The title might sound like clickbait, but this tip actually works!
So, please read on if you want to get faster (and hold that speed) in your next swim practice….
People slow down over the course of an interval and practice for two major reasons:
- Endurance–people simply do not have the strength built up to hold proper form so their form breaks down and thus they slow down because of the extra drag.
- Focus–people lose focus throughout the interval so as their mind wanders, their form falls apart, and therefore they slow down.
To resolve issue number one, you simply need to swim more.
There are no shortcuts or hacks to build endurance.
You need to get into the pool and progressively build your ability to hold your form over longer and longer periods and in doing so build the muscular strength to do so as well. Just like running and biking, endurance comes with time dedicated to it: you stress your body, recover from that stress, adapt to it, and repeat.
Over time, you will get faster guaranteed (if you focus on building form and endurance–like we do in our programs–you will get even faster). In some regards, issue number 2–focus and maintaining focus–also takes time to develop and strengthen. The more you do it, the better you get at it.
However, unlike endurance, your focus is more in your control, which makes it an almost instant boost in speed.
Beginner swimmers especially tend to lose focus as they swim. The first 12 yards of a length might be strong but then their mind begins to wander and think about other things. At least for me, my thought progression might look like this:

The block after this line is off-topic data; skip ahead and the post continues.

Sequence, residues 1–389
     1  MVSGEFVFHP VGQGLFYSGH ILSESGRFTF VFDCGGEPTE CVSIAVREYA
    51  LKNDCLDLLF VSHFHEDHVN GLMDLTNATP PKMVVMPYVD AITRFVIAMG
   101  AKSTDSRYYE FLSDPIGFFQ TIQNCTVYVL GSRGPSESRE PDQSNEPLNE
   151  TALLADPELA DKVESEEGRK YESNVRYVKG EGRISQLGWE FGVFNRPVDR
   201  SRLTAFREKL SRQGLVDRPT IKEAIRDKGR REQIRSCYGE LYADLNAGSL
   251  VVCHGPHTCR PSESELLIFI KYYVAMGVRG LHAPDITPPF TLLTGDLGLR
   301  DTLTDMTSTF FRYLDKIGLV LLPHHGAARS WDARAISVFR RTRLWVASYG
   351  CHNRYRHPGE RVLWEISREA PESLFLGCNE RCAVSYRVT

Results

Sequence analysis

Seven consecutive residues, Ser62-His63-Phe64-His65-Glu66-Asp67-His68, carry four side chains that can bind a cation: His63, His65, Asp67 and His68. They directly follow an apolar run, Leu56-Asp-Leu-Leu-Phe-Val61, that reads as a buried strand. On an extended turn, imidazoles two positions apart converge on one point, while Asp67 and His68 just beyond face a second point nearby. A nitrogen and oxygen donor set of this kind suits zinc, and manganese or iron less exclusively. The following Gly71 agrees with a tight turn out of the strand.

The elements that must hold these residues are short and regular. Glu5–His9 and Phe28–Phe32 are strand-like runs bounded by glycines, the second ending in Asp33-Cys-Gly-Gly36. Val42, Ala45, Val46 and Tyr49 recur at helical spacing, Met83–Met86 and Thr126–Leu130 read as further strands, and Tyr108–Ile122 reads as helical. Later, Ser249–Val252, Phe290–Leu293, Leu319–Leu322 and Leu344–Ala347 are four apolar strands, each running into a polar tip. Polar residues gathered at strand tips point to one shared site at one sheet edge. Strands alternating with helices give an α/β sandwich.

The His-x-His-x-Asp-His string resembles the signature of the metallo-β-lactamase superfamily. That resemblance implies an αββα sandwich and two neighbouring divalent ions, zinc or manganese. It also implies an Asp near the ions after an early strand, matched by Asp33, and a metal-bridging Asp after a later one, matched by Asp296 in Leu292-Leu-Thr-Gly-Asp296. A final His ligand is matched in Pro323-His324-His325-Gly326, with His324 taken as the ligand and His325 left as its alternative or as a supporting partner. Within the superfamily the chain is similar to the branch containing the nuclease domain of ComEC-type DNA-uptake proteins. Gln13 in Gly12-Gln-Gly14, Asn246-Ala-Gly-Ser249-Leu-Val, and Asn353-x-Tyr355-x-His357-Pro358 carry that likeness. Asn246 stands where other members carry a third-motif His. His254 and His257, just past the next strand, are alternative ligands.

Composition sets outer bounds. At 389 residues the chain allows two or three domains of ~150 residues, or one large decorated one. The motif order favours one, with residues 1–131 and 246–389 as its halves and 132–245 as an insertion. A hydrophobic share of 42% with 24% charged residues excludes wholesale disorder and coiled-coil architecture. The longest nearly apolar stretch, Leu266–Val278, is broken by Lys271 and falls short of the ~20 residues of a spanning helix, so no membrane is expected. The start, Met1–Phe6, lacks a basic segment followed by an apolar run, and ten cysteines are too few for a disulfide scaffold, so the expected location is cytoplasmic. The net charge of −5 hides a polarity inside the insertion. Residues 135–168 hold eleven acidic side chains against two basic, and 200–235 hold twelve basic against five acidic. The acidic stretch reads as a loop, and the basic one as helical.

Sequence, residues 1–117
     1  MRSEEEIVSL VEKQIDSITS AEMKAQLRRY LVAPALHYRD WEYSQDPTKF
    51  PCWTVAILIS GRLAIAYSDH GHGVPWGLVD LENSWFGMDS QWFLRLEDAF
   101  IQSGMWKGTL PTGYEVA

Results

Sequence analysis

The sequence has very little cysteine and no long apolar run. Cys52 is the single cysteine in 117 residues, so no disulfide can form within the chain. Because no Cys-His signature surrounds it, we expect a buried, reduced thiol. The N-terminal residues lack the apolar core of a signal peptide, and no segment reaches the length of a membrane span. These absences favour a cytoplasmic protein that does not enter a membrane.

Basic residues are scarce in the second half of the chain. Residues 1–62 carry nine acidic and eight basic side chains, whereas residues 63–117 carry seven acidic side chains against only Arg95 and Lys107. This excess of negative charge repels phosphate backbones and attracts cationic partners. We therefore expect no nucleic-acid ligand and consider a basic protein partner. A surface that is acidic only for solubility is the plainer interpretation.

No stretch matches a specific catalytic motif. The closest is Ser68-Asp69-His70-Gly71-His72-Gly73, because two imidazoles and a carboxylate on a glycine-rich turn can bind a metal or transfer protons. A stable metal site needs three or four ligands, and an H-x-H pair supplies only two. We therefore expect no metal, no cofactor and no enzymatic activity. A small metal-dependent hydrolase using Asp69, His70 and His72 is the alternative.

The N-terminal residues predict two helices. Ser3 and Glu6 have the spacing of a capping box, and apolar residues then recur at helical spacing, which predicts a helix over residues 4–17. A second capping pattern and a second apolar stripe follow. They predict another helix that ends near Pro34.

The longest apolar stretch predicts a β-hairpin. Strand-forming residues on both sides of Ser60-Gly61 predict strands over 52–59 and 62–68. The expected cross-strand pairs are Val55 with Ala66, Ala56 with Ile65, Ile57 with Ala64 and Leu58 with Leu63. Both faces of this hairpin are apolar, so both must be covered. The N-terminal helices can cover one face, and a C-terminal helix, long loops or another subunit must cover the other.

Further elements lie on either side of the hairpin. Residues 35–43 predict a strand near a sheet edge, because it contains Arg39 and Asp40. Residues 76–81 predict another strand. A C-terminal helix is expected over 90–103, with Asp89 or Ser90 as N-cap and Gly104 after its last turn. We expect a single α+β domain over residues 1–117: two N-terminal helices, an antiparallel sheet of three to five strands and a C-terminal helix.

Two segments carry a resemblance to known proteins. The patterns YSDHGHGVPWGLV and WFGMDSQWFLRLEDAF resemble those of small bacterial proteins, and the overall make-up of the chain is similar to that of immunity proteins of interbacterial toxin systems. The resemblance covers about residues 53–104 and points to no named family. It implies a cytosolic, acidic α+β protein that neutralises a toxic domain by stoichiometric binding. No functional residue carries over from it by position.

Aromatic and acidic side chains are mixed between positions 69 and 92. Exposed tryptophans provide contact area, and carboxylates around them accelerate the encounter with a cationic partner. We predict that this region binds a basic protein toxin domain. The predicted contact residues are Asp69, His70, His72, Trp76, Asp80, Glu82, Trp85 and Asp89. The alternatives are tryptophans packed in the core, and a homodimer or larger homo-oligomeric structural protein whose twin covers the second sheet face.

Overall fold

“Alright, let’s get this set going! Strong form, high elbow, accelerate through the pull….1/2/3 breathe….1/2/3 breathe….flip turn..1/2/3
I wonder how fast I did that 25 in?….Was it faster than last time?…FOCUS, Chris, right, 1/2/3 breathe, high—….how many laps have I gone again?…Oh no, I think I forgot to lock my car….Oh crap, flip turn….After this workout, I am going to have an extra large breakfast…I am going to be so ready for that 70.3”.
Of course, as the set continues and my mind wanders more, my form begins to break down: my elbow drops, my breathing gets thrown off, my legs sink, and I lose my rhythm. With all of this, I slow down significantly. The solution to this? Maintain focus!
This is easier said than done. Anyone who has tried meditating knows how quickly the mind can wander. To help though, I like these tips:
- Reset your awareness every turn. After each flip turn, remind yourself to bring your attention back to your breath.
- Focus on one thing. Instead of trying to perfect everything in your stroke, pick one and bring your focus to this. Good ideas would be the breath, keeping your eyes down, high elbow, and accelerating the pull.
- Build up your mental endurance. Start small and maybe do 25 or 50m all the while with the goal of focusing on your form and rhythm.
- Make a note of when your mind begins to wander and be ready the next time. If you know that your mind begins to wander around the 100m mark, then as you approach the 100m mark, prepare yourself to extend your focus past that mark.
Focus, like swimming itself, takes time to develop and improve, but building up your focus is a worthy endeavor that will instantly make you faster.
Chris Hague, Tri Swim Coach